Nerkonda Paarvai: How H Vinoth's commercialised version of Pink made the source material more accessible to Tamil audiences
A film like Nerkonda Paarvai needed a huge star like Ajith, for the message it conveys has the ability to reach out to audiences across all centres.
From time immemorial in Tamil cinema, very few actors have been brave enough to step down from their starry avatars once in a while and do a film that shuns any preconceived notions about their image. While Kamal Haasan has been long known for his experimental films, others have only tasted moderate success with their off-beat outings, most of which come with certain inhibitions. After Superstar Rajinikanth’s decision to work with director Pa. Ranjith on two occasions (Kabali and Kaala), one announcement that was at the cynosure of all eyes was Ajith’s choice to remake the Bollywood courtroom drama Pink with the two-film-old director H Vinoth, who made everyone sit up and take notice of his work in the highly acclaimed investigative thriller Theeran Adhigaaran Ondru.
While Amitabh Bachchan pulled off the role of advocate Deepak Sehgal with consummate ease, director Vinoth had to bring certain changes to the character for a star like Ajith, who is more than twenty years younger than Big B in real life and is at the peak of his career right now. Moreover, fans who have been practicing years of cutout culture for their star wouldn’t immediately come into terms with a character who isn’t being the traditional larger-than-life hero onscreen. Yes, Ajith was the savior here, but unlike most of his other films, he wasn’t going to beat everyone to a pulp or mouth punch dialogues. Bharath Subramaniam (Ajith in Nerkonda Paarvai) had to recite pages and pages of courtroom arguments, which meant that he would have to bring out his best within a narrowed space. Ultimately, the onus was on director Vinoth to pull the right strings, and thankfully so, he extracted the best out of Ajith, making Nerkonda Paarvai one of his career-best performances.
Director Vinoth sets the record straight with the film's opening scene which clearly indicates audiences that they are going to watch a slightly commercialised version of Pink. While Aniruddha Roy Chowdhury's original version dived into the story from the first frame, Nerkonda Paarvai opened with an EDM-AV track featuring a guest appearance from Kalki Koechlin and introducing Shraddha Srinath (Taapsee's role) as one of the dancers.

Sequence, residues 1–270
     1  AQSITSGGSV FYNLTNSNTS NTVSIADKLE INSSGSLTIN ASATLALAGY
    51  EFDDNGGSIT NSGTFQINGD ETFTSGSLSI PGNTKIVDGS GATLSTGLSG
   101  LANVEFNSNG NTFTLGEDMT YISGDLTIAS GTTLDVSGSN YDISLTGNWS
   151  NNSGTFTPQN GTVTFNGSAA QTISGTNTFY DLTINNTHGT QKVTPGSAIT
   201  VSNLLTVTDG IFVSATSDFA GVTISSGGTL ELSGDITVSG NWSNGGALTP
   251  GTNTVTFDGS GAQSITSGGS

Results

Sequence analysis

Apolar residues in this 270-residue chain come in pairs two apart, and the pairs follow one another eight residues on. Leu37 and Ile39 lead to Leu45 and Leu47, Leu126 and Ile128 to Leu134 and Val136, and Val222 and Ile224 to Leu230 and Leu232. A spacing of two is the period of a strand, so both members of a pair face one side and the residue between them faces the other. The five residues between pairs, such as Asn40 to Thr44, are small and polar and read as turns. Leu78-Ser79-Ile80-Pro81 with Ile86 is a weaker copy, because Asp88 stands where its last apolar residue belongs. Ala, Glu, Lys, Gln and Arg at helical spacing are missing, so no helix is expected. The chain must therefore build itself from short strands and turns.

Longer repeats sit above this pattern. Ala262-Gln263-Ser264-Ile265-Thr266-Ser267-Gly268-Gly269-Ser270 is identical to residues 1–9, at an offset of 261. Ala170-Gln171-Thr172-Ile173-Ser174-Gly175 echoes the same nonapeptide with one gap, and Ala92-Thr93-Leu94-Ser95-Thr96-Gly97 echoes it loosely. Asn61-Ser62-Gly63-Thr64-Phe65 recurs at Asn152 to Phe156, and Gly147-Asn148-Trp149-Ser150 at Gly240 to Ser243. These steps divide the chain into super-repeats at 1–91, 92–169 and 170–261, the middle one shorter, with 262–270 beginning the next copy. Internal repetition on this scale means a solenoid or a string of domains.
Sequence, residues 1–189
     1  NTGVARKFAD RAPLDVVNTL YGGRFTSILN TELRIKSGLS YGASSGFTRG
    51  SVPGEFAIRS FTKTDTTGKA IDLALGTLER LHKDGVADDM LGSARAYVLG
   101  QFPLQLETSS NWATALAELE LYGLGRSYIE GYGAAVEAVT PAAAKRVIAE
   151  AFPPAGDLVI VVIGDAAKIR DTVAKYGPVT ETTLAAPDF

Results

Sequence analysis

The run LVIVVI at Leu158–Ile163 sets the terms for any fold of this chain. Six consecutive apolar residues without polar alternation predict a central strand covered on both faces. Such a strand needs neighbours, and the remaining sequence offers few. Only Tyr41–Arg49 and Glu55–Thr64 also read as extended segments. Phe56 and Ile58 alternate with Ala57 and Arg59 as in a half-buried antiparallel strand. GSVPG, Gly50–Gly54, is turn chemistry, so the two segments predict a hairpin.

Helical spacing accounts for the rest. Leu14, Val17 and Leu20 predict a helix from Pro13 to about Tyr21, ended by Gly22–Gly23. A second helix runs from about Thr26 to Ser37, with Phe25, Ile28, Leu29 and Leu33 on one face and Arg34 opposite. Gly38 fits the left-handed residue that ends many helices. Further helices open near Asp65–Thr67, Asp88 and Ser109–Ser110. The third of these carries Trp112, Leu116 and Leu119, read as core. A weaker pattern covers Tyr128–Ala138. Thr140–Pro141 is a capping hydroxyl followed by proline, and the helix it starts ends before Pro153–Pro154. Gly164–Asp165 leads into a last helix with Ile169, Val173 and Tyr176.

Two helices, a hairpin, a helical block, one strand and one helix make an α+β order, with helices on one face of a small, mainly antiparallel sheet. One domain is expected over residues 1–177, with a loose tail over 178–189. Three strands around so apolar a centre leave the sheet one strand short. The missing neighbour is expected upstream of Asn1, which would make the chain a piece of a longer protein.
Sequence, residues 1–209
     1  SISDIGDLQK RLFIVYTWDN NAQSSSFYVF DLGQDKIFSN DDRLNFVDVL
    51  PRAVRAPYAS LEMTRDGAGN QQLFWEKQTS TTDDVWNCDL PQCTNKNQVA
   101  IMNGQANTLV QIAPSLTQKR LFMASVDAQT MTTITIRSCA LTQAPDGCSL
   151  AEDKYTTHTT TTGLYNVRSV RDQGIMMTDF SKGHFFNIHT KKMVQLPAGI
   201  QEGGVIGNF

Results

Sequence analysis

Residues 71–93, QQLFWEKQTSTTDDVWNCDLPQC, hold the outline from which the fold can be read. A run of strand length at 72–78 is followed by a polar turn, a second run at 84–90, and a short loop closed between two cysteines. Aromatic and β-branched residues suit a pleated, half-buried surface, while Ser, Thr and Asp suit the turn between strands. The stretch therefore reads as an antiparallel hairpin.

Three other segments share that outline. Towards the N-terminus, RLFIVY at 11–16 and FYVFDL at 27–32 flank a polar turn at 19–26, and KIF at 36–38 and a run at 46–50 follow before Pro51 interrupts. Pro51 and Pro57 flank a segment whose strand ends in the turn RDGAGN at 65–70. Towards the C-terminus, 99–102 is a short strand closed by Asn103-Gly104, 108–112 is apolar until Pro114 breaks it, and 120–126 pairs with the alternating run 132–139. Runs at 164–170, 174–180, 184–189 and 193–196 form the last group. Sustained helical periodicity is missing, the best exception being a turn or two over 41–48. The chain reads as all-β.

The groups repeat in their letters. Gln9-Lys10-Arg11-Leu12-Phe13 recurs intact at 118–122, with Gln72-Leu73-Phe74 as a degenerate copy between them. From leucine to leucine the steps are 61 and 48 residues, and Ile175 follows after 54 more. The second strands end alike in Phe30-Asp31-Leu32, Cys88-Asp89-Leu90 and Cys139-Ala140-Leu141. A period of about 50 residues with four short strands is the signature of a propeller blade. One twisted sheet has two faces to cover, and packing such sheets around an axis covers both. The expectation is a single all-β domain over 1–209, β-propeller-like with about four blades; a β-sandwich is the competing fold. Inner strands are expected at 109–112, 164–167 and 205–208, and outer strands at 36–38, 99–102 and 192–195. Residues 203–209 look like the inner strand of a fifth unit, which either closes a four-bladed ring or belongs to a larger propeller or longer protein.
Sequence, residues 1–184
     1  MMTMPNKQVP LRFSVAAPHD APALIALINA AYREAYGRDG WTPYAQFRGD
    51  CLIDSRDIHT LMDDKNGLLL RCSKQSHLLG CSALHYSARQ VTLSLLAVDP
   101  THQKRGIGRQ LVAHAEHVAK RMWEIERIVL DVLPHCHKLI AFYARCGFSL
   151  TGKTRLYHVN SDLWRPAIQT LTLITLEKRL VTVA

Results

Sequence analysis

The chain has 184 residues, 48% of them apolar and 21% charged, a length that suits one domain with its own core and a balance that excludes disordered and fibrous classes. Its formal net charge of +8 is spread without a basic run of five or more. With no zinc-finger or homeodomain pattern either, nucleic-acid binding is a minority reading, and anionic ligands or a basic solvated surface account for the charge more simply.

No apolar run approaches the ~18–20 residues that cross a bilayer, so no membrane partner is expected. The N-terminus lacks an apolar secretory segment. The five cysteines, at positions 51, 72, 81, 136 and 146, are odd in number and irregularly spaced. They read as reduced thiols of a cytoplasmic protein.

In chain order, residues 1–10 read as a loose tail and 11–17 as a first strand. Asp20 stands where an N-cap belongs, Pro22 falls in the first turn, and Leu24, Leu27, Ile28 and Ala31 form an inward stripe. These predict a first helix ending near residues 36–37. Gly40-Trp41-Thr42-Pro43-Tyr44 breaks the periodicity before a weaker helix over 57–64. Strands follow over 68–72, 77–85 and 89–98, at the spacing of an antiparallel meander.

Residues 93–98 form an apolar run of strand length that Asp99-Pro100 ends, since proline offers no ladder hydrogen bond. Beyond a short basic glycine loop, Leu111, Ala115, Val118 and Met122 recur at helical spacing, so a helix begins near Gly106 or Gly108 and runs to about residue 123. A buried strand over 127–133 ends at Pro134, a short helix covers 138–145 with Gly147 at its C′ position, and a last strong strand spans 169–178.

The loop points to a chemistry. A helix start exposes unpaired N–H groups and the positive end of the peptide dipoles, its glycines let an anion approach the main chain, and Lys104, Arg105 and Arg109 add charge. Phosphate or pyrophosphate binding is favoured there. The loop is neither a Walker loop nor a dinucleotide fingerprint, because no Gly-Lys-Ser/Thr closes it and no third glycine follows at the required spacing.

Nerkonda Paarvai also clearly understood the difference between the star and the actor in Ajith, giving the film a perfect blend of his massy image, space to showcase his acting potential in full, and also a well-staged pre-interval action sequence that gave the fans something to cheer for. By reducing the age of Amitabh Bachchan’s character by a decade, Bharath Subramaniam (Ajith) is a now a victim to acute bipolar disorder, suffering from mental depression due to the unfortunate demise of his wife (Vidya Balan). With a handful of carefully constructed twenty-eight minutes of additional runtime compared to the original, director Vinoth has tailored a mainstream version of Pink to make the source material more accessible and to reach out to Ajith's massive fanbase. For example, the cross interrogation scene (Superwoman?) between the police inspector and Bharath Subramaniam is slightly exaggerated here to evoke more laughter. Even the seven-minute-long pre-interval fight sequence is preceded by a nice buildup and ends with a fine masala moment. The flashback portion (including a song) involving Vidya Balan and Ajith was the only let down in the film because it evidently stuck out like a sore thumb.
While the first half played out like a translated version of Pink, Vinoth succeeded in the second half with his powerful, razor-sharp dialogues that were localised and more impactful than the original. There is a brighter shade of open-mindedness here, with Vinoth walking the extra mile to discuss the delicate topics of consent, victim shaming, sexual violence, and gender equality eloquently. It is a strong sign of the brave writer in him who addresses a plethora of issues faced by modern Indian women with progressive lines and pop culture references.
The way Vinoth modified Deepak Sehgal as Bharath Subramaniyam to suit the sensibilities of Tamil audiences is laudable. Ajith's majestic screen presence, complemented by his strong baritone voice, gives life to Vinoth's compelling lines. But, Nerkonda Paarvai fell short of Pink in terms of the casting that sits around Ajith. Compared to the mighty contributions from Taapsee Pannu, Kirti Kulhari and Piyush Mishra in the original, the remake doesn’t bring you rock-solid performances from the supporting cast. While Shraddha Srinath tries to do full justice to Taapsee's role, the dubbing lets her down in a few crucial sequences. While Abirami Venkatachalam’s performance was not up to the mark, Rangaraj Pandey who reprised the role of Piyush Mishra brought his sarcastic shades to the character.
A film like Nerkonda Paarvai needed a huge star like Ajith, for the message it conveys has the ability to reach out to audiences across all centres. Director Vinoth has stayed true to the core of the original and delivered a fine remake with some solid additions to the table.
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